MIT serves on the City of Cambridge Climate Protection Action Committee (CPAC) as a key avenue for ensuring continued alignment of campus climate activities with City-wide initiatives. The Committee membership is appointed by the City Manager and is composed of community members who take an active interest in climate change issues in Cambridge and who live or work in Cambridge. CPAC is currently serving as an advisory body for the City’s implementation of the Net Zero Action Plan (2015), which aims to eliminate greenhouse gas emissions from the city’s built environment.
MIT’s participation through CPAC is also fostering collaboration conversations with MIT’s community and institutional neighbors.
The Cambridge Compact for a Sustainable Future – through the collaboration of its signatories and community expertise and application of research, innovation, entrepreneurship, and social enterprise – strives to create a more healthy, livable and sustainable Cambridge community by addressing global environmental challenges together.
The City of Cambridge, Harvard University, and Massachusetts Institute of Technology founded the Cambridge Compact for a Sustainable Future (Cambridge Compact) in 2013. They viewed the Compact as a city-wide partnership and encouraged non-profit and business leaders in sustainability to join. Now, the Compact has 20 members comprising some of the largest building owners and operators in Cambridge along with several strategic non-profit organizations.
The Higher Education Working Group of the Boston Green Ribbon Commission represents the unique constituency of large research and residential campuses in Boston and neighboring cities including Cambridge. Colleges and universities have a significant footprint in the greater Boston area, as well as a particular set of sustainability challenges, including large-scale energy procurement and management, and resiliency planning for diverse communities of tens of thousands of students, faculty, and staff. The intellectual capacity of the higher education sector provides a source of expertise, motivation, and collaboration for the other members of the Green Ribbon Commission, City of Boston and its Climate Action Plan. Through the HEWG, learnings are diffused to surrounding cities, towns, and institutions.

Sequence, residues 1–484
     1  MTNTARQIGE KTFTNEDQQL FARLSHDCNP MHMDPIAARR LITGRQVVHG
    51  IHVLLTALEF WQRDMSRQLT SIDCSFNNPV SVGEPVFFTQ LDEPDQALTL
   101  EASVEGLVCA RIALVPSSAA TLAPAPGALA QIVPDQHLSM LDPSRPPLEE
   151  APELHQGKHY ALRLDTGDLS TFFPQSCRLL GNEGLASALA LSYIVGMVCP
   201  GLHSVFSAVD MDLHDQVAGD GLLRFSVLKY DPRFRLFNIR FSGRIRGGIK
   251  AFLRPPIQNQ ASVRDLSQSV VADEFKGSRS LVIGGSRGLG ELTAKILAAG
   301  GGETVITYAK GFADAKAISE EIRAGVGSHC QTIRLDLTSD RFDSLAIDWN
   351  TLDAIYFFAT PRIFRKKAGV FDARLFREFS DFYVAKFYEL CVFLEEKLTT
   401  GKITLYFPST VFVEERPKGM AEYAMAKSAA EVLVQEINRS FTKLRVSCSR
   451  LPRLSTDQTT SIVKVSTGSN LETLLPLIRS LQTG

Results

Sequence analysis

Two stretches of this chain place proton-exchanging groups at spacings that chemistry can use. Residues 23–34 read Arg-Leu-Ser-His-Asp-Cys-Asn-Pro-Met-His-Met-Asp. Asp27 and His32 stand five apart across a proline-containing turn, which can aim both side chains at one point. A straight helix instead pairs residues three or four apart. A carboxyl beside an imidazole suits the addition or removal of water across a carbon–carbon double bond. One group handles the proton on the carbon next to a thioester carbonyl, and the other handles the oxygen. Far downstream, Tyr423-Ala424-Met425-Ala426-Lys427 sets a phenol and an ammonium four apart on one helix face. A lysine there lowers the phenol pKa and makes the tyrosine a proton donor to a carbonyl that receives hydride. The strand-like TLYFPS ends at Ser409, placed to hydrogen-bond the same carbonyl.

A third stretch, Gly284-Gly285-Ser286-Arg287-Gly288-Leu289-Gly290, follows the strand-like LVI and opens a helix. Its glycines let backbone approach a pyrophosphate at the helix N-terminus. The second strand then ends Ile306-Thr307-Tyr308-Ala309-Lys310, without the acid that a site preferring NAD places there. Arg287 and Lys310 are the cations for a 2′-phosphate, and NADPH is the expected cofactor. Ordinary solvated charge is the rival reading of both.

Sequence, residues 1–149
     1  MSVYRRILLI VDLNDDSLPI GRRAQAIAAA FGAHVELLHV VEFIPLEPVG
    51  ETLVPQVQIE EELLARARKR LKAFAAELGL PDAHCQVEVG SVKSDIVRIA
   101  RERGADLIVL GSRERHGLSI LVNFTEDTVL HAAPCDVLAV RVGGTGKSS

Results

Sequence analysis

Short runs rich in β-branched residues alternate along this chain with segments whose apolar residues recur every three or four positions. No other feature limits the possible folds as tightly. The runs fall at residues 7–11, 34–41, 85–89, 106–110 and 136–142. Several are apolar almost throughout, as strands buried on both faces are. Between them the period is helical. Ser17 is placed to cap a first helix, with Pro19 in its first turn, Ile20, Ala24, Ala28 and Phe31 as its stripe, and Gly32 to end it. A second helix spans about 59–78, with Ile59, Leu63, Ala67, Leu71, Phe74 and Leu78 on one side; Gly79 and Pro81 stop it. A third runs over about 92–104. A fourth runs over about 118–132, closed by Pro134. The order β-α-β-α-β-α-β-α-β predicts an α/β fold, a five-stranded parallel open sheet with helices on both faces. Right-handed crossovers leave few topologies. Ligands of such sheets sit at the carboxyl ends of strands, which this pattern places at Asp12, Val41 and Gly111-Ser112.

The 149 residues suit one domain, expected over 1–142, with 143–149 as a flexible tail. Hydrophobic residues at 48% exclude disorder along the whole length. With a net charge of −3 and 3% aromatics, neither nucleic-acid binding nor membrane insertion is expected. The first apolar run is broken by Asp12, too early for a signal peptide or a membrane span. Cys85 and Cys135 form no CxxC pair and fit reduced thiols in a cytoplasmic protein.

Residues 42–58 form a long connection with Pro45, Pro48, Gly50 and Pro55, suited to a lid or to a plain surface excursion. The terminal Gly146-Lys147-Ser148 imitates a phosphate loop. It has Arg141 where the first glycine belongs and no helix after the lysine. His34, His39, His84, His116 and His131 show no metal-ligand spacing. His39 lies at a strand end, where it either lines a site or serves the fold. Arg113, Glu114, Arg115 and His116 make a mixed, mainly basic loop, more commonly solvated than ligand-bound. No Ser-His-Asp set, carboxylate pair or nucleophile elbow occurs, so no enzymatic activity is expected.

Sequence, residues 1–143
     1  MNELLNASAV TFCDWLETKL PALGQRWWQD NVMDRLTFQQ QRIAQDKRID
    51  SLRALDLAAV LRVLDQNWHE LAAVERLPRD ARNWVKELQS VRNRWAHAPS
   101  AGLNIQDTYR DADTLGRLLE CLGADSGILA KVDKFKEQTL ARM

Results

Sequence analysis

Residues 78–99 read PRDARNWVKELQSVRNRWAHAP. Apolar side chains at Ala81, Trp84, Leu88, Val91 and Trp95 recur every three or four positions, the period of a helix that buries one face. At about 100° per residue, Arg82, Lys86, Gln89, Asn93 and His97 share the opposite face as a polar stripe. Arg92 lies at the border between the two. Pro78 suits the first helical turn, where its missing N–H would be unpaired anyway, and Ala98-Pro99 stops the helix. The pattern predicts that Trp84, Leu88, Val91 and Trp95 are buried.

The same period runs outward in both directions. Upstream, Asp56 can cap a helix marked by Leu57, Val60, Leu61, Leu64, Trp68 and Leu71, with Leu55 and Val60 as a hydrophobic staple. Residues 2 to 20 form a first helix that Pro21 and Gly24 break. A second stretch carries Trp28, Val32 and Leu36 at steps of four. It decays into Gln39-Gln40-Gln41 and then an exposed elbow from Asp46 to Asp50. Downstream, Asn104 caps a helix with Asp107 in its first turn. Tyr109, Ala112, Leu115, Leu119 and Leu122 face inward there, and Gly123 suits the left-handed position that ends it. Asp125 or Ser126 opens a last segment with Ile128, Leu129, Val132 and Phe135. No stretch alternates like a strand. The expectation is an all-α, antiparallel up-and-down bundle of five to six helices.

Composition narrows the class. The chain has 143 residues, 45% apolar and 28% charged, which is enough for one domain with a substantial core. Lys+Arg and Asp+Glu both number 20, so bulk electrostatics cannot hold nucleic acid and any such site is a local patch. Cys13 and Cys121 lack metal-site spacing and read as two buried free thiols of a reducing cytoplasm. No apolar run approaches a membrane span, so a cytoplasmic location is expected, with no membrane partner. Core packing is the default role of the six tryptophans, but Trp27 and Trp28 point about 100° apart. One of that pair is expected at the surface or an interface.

In December 2013, the City of Cambridge created the “Getting to Net Zero Task Force” charged with advancing the goal of putting Cambridge on the trajectory towards becoming a “net zero community,” with focus on carbon emissions from building operations. This includes reducing energy use intensity of buildings and taking advantage of opportunities to harvest energy from renewable sources.
MIT’s Director of Sustainability was a member of the Regulation and Planning Approaches Working Group and contributed to the production of the final report. In June 2015, the City Council unanimously voted to adopt the Net Zero 25-Year Action Plan.
MITOS recognizes that the underlying challenges of sustainability are global – and require deep collaboration with regional, national, and global partners. The campus itself—while embedded in a distinct, urban community– is a truly global institution, educating, hosting, and employing thousands of international scholars, staff, and faculty.